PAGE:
As explained in the recent case of Crina General Construction Ltd. v. Carrington Homes Ltd., failure to pay the contractor is not necessarily a breach of trust, but the owner is likely to incur liability if payment is not made within a reasonable time. In Salit Steel v. Mondiale Development Ltd., the owner was ordered to pay significant pre-judgment interest, in excess of $600,000, for failing to release the funds as of the 45 days after substantial completion.

Although presently off the table, Bill 69, Prompt Payment Act, 2014 that would have, if enacted, legislated a requirement for owners to pay these funds promptly (within one day after the owner is no longer required to retain the holdback under the CLA). Nevertheless, to date, there has been no legislation enacted requiring payment to be made within any particular time frame.

In the absence of a statutory requirement to pay the former holdback funds promptly, contractors may wish to give thought to including a clause in the construction contract dealing with timing issues with respect to this payment once the owner’s holdback obligations come to an end.

3. The Funds Become Trust Funds

Once the holdback funds become funds owing to the contractor, they also become trust funds as required by s. 7 of the CLA (up to the amount certified as payable to the contractor). Subsection 7(2) of the CLA states:

7(2)  Where amounts become payable under a contract to a contractor by the owner on a certificate of a payment certifier, an amount that is equal to an amount so certified that is in the owner’s hands or received by the owner at any time thereafter constitutes a trust fund for the benefit of the contractor.

The CLA trust obligation requires the trustee and beneficiary to have privity of contract (i.e., they must have contracted with one another). The trust obligation of the owner is, therefore, to the contractor only, not the subcontractors. This principle was outlined in Tri-Tec Drywall Services Ltd. v. Wilson Memorial General Hospital, where s. 8 of the CLA was at issue (the contractor’s analogous trust obligation to the subcontractor), and the court found that the contractor did not have a trust obligation to everyone down the construction supply chain. Thus, by analogy, the owner does not have a trust obligation to the subcontractor.

To avoid falling afoul of the trust requirements of the CLA, it is advisable for owners to retain these funds in trust if the owner is not paying them out to the contractor (discharging the trust), rather than using them for other purposes such as the rectification of deficiencies or the satisfaction of other claims against the owner. The owner may incur personal liability if the trust funds are misappropriated.

4. The Owner Can Set Off

As the Superior Court commented in Man-Shield (NOW) Construction Inc. v. Rainy River District School Board, while the funds remain holdback, the owner may not set off any outstanding debts, claims, or damages that the owner might have against the contractor because the holdback is being retained for the benefit of the subcontractor. Once the funds are no longer holdback, however, the owner may set off any outstanding debts, claims, or damages, whether or not related to the improvement, and deduct these amounts from the amount that it releases to the contractor. This right of set-off applies, according to s. 12 of the CLA,even though the funds are held in trust for the benefit of the contractor.

5. The Owner Can Pay Subcontractors Itself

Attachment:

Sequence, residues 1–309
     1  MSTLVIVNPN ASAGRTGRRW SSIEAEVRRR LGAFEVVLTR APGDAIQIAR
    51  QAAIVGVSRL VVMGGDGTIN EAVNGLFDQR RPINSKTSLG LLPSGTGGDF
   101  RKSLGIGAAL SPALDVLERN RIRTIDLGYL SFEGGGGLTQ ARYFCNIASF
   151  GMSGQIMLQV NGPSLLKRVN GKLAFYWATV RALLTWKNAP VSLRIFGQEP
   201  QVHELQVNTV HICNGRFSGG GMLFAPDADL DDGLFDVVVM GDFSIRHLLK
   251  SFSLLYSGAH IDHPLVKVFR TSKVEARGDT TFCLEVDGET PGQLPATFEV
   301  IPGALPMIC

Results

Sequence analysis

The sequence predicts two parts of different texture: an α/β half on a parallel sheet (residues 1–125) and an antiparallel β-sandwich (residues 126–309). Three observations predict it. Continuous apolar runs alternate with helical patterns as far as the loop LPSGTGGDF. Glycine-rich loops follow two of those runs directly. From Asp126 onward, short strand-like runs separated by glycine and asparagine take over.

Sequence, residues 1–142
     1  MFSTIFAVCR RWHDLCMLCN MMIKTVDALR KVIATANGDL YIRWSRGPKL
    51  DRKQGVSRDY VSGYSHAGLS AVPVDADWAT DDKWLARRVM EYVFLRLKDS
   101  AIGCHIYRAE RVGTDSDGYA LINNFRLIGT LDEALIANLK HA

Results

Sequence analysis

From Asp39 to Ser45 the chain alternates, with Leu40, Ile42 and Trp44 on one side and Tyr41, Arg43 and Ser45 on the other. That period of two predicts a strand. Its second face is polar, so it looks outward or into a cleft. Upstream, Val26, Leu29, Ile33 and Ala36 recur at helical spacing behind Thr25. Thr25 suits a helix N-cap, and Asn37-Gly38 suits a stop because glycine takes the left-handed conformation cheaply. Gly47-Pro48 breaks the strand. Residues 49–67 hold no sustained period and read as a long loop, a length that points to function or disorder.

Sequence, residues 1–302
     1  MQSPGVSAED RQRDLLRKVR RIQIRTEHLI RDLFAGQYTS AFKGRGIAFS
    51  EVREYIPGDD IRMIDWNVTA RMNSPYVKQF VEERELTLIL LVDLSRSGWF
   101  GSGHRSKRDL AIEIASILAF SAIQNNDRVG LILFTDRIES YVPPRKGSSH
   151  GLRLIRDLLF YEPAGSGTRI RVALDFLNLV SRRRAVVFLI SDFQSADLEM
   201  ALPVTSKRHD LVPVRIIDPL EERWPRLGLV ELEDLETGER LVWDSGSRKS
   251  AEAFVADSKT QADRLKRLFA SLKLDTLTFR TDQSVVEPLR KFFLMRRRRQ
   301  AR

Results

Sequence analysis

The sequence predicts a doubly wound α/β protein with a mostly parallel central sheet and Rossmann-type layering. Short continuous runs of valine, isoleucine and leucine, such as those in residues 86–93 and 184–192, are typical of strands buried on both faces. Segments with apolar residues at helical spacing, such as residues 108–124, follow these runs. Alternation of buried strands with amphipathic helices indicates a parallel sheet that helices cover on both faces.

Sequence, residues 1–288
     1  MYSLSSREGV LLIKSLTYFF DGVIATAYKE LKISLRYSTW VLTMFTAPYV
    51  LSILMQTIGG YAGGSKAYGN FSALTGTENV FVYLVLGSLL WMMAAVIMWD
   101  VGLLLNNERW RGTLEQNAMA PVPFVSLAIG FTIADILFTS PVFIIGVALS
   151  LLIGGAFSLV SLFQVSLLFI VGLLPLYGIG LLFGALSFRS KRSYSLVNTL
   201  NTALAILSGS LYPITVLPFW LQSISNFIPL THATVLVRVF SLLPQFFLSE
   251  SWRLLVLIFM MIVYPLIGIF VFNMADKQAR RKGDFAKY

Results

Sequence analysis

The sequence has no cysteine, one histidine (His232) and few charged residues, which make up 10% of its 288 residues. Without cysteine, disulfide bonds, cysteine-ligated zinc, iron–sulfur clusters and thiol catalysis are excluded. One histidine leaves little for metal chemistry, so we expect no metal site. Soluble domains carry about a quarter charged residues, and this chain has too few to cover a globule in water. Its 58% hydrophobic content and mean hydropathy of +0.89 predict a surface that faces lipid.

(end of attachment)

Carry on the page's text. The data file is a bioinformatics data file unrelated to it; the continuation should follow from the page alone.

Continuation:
Funds paid by the owner to the contractor, when the contractor owes money to the subcontractors for services or materials, automatically become trust funds for the benefit of the subcontractors pursuant to s. 8 of the CLA. Thus, there is typically no reason for the owner to pay the subcontractors directly.

However, there is provision within the CLA for the owner to pay these funds directly to subcontractors, bypassing the contractor. Pursuant to s. 28 of the CLA,if the owner gives written notice of this payment to the contractor, this payment to the subcontractors is deemed to be a payment to the contractor itself. Thus, the amount that the owner pays to the subcontractors is subtracted from the amount that the owner owes to the contractor. The payment also discharges the subcontractors’ liens by the amount paid. This provision specifically states that such a payment cannot reduce the owner’s holdback obligations, so it makes much more sense for the owner to take advantage of it, if it is necessary to bypass the contractor and pay the subcontractors directly, once the owner no longer has holdback obligations.

Summary

To sum up the takeaway points of this analysis:

Holdback is no longer holdback and becomes funds contractually owing to the contractor when

  • the period for subcontractors to register new liens has expired, and
  • existing liens have been satisfied or discharged with respect to the owner.

Once holdback is no longer holdback

  • the statutory liability of the owner to the subcontractor for lien claims under the CLA is eliminated,
  • the owner has a contractual obligation to pay the contractor,
  • the funds form part of the owner’s trust for the benefit of the contractor,
  • the owner acquires a right of set-off of any debts or claims it has against the contractor, and
  • the owner has the ability to pay subcontractors directly.

Simply put, it is useful to stop thinking of funds held back pursuant to section 22 of the Ontario Construction Lien Act as “holdback” once the statutory holdback obligations of the owner have come to an end. Instead, they become trust funds contractually owing to the contractor once again.

Cases Cited

Benny Haulage Ltd. v. Carosi Construction Ltd., 1996 CarswellOnt 5328 (S.C.J. Master) (WL)

Concord Carriers Ltd. v. Alnet Holdings Ltd., [2005] O.J. No. 3748, 46 C.L.R. (3d) 313 (S.C.J.) (QL)

Crina General Construction Ltd. v. Carrington Homes Ltd., 2013 ONSC 4303, [2013] O.J. No. 2944 (S.C.J.) (QL)

Dominion Bridge-Ontario v. Stephens Sura (Canada) Ltd., [1997] O.J. No. 3023, 35 C.L.R. (2d) 1 (Gen. Div.) (QL)

Man-Shield (NOW) Construction Inc. v. Rainy River District School Board, 2012 ONSC 323, [2012] O.J. No. 556 (S.C.J.) (QL)

Salit Steel v. Mondiale Development Ltd., [2009] O.J. No. 958; 78 C.L.R. (3d) 54 (S.C.J. Master) (QL)

Tri-Tec Drywall Services Ltd. v. Wilson Memorial General Hospital, [2005] O.J. No. 3405, 45 C.L.R. (3d) 314 (S.C.J.) (QL)

Wellington Plumbing & Heating Ltd. v. Villa Nicolini Inc., 2012 ONSC 5444, [2012] O.J. No. 4745 (S.C.J.) (QL)